Guides & Advice

How to get a divorce | a step by step guide

Published: 22nd June 2020
Area: For the individual

How to get a divorce | a step by step guide

Going through a divorce or separation can be one of the most stressful periods in your life and if you're unsure of the what the divorce process is, or how it works in practice, then the whole thing can feel a little bit overwhelming.

Currently, divorce law is still governed by legalisation from 1973. This has recently been revisited by parliament and no-fault divorce will become law as of the 6th April 2022.

Here we break down the process of getting a divorce into seven easy steps, under the existing law. Steps one to four explain how to start divorce proceedings. The latter three steps explain the process of completing the divorce.

To file for divorce you will need to explain to a court the reasons for wanting to end the marriage.

The only acceptable reason for a divorce is that your marriage has irretrievably broken down, but this must be proven with one of the following five grounds for divorce (also known as divorce ‘facts’).

What are the grounds for divorce?

Each reason has a different process to follow, so it’s important to choose the most suitable ground for your situation before you begin.

1. Adultery

You can use this reason if you can prove your ex-partner has had sexual intercourse with someone else. As the law hasn't been reformed since the 1970s (and is badly out of date), unfortunately, this only applies to heterosexual relations, i.e. you wouldn't be able to use adultery as a reason for divorce if you are in a same-sex marriage.

In an adultery petition, your ex-partner will have to formally admit that they’ve committed adultery on a response form to the court. Therefore, if you can’t be 100% sure that they will admit to this, we wouldn’t suggest you go down this route – in such cases, an unreasonable behaviour petition can be issued instead (see below).

 2. Unreasonable behaviour

This is the most commonly used reason, as ‘unreasonable behaviour’ can include almost anything. You just need to show that your ex-partner has behaved in a way that means you cannot reasonably be expected to live with them and include examples of unreasonable behaviour throughout the marriage.

The unreasonable behaviour doesn’t have to be severe in order for a divorce to be granted. It can include serious or relatively mild allegations of behaviour, such as:

  • Refusal to engage in family life;
  • Lies and deceit;
  • Abusive behaviour, physically or mentally;
  • Spending excessive amounts of money with no good reason, causing financial strain;
  • A relationship with another person (not to be confused with adultery).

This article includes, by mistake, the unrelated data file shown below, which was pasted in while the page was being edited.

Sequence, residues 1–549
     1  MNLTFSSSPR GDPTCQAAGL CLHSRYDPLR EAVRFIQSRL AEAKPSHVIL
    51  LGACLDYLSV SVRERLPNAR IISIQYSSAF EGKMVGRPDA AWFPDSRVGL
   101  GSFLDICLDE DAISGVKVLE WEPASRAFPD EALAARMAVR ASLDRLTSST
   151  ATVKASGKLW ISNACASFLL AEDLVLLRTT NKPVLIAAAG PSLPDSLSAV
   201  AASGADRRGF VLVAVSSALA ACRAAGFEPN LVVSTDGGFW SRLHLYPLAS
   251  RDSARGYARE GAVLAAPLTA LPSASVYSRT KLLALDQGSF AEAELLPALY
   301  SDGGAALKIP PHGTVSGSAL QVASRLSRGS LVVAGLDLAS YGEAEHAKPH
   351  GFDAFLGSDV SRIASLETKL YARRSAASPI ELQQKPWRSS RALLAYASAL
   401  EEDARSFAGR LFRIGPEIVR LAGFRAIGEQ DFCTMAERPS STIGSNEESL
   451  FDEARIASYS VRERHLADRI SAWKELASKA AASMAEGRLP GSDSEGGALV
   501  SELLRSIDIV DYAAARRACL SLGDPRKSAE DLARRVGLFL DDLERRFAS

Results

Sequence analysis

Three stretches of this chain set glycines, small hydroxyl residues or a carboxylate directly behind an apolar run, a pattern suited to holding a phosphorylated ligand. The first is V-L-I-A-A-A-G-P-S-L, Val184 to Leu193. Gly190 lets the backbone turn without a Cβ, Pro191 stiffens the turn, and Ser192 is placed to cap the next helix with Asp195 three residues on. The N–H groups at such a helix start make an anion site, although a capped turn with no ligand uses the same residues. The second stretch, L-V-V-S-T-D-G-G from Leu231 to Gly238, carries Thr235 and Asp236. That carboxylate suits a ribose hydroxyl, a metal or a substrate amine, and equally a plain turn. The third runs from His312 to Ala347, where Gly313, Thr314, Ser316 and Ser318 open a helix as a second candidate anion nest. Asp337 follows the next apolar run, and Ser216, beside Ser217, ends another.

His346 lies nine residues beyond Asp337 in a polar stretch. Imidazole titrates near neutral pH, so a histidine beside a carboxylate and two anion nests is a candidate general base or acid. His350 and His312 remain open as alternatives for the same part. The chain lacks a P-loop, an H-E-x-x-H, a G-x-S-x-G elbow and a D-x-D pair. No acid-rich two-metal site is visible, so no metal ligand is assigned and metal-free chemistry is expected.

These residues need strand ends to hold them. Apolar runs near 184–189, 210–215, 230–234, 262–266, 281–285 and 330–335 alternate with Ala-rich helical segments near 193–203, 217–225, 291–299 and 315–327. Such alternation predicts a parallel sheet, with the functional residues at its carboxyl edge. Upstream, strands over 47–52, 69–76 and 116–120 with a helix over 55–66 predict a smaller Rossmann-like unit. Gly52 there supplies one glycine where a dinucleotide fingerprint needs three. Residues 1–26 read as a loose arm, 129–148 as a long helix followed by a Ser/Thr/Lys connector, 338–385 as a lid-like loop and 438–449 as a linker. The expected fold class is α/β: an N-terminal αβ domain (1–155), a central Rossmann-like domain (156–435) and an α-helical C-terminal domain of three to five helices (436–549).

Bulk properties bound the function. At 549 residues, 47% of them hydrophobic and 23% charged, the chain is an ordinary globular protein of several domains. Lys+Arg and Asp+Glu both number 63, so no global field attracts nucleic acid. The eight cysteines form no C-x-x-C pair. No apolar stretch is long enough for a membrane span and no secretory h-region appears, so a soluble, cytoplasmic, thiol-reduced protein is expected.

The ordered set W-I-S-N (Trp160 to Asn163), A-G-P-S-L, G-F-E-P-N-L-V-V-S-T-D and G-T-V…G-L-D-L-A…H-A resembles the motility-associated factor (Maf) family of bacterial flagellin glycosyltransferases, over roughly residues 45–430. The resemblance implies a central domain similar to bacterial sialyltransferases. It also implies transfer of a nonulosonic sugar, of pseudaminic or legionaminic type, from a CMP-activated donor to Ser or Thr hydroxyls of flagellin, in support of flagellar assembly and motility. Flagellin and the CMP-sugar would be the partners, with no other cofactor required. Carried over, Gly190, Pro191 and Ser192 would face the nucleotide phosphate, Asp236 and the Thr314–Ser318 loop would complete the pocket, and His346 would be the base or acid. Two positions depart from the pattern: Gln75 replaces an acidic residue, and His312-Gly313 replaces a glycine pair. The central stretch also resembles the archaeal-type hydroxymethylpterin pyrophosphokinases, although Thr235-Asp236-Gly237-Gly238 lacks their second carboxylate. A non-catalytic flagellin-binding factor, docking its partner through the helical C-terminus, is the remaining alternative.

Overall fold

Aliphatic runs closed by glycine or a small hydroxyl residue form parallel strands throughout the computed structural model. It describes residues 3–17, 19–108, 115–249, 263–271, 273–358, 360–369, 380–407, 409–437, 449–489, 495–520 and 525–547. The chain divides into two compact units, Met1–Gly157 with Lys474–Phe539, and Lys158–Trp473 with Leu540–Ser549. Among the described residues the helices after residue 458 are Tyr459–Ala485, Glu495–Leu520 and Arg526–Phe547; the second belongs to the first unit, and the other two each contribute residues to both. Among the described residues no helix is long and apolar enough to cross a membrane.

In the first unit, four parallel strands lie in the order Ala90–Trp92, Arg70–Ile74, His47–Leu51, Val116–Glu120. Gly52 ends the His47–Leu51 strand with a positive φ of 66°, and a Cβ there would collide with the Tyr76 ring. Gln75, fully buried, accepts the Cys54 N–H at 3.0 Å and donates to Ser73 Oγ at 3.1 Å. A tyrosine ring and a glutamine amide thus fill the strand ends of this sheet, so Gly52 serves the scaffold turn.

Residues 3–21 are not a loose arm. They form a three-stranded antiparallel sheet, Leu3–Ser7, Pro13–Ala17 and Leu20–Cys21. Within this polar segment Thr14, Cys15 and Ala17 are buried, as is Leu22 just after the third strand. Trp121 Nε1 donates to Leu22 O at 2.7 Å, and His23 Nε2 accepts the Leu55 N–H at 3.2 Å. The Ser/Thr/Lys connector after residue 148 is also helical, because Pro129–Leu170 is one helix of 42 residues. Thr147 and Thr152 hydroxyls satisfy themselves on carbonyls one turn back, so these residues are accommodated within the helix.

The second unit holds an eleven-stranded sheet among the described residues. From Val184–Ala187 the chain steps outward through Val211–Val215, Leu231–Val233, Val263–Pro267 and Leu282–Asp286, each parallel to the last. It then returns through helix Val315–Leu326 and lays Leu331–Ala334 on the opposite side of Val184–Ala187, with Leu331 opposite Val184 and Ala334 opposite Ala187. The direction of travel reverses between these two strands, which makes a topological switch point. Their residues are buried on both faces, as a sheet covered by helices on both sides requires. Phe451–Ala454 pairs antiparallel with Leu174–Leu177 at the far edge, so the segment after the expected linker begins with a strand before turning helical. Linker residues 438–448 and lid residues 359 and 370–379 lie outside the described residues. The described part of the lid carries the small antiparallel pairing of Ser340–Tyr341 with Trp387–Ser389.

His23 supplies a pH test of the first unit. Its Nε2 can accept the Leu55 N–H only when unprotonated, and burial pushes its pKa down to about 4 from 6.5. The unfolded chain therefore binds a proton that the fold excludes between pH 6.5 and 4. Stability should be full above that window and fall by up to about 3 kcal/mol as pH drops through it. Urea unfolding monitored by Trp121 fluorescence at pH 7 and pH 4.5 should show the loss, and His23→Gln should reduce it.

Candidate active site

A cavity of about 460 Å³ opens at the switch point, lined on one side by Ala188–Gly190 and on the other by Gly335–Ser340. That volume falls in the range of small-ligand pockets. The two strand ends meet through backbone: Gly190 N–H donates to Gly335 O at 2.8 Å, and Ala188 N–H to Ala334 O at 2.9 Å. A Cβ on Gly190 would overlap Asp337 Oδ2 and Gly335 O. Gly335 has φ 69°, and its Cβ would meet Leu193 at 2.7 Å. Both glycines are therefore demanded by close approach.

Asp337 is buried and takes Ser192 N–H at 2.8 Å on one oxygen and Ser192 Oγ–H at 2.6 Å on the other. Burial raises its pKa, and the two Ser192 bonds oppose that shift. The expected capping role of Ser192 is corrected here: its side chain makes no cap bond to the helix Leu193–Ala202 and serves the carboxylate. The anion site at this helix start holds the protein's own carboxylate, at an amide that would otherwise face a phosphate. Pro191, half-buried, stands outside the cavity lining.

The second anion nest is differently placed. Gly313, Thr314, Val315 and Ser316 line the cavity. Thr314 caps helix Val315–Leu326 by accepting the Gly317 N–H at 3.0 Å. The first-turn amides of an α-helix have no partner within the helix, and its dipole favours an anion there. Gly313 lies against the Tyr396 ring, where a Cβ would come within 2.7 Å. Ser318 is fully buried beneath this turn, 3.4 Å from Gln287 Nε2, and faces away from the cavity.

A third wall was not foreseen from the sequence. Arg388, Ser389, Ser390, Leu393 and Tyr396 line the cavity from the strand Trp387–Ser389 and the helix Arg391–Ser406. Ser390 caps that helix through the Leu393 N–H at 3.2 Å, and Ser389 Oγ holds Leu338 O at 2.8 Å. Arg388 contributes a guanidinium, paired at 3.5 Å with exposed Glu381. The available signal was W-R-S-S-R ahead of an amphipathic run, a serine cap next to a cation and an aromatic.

Unreasonable behaviour can be used where the relationship has involved domestic abuse. Although you have to provide specific examples of the pattern of behaviour, you don’t have to include dates. Unlike with adultery, your ex-partner doesn’t have to formally admit to unreasonable behaviour as a reason for divorce.

3. Desertion

This basis is rarely used, as it’s very difficult to prove. Gov.uk classes desertion as when your ex-partner has left you to end your relationship without your agreement, without good reason and for more than two years within the last two and a half years. It’s worth mentioning that if you do choose to go down this route, you can still claim desertion if you have lived together for up to a total of six months in this period, but seek legal advice first.

4. Lived physically apart for two years

If you and your ex-partner have lived separately for two years, this is suitable grounds for divorce. However, your ex-partner must consent to using this reason as the basis for divorce.

It is possible to use this reason if you’ve been separated but are still living together (possibly because of childcare or financial reasons). However, this is quite difficult to argue as you must prove you have been living separately, albeit under the same roof. We suggest using another reason for the basis of your divorce, such as unreasonable behaviour, if you have not been living physically apart.

5. Lived physically apart for five years

The second option for separation applies if you and your partner have been living apart for five years. Unlike the ‘two year separation’ reason, this doesn’t require the consent of your ex-partner.

Guiding you through the divorce process

The complicated part of the divorce process is not the dissolving of the marriage, but dealing with issues surrounding it such as those involving children or finances.

Our team of family lawyers can help support you and advise on the options available to complete your divorce process, whether this is making child arrangements and ensuring that the disruption and emotional stress is kept to a minimum, or securing the best financial settlement for you to secure your future.

The process of divorce is can be emotional and the actions you take in the early stages can set the tone for everything that follows. If you’re about to start divorce proceedings, or currently going through the separation process, then speak to one of our divorce lawyers. We’re here to guide you through the maze of emotions and legal responsibilities, every step of the way.

If you think you are ready to see how this process could work for you, you can make a first confidential enquiry by clicking on the button below.

More information

Find out more about our divorce services

Our expert lawyers are here to help support and advise you through the divorce process.

Child arrangement orders when divorcing or separating

In this guide we take a look at what approaches you can take when making child arrangements through divorce.

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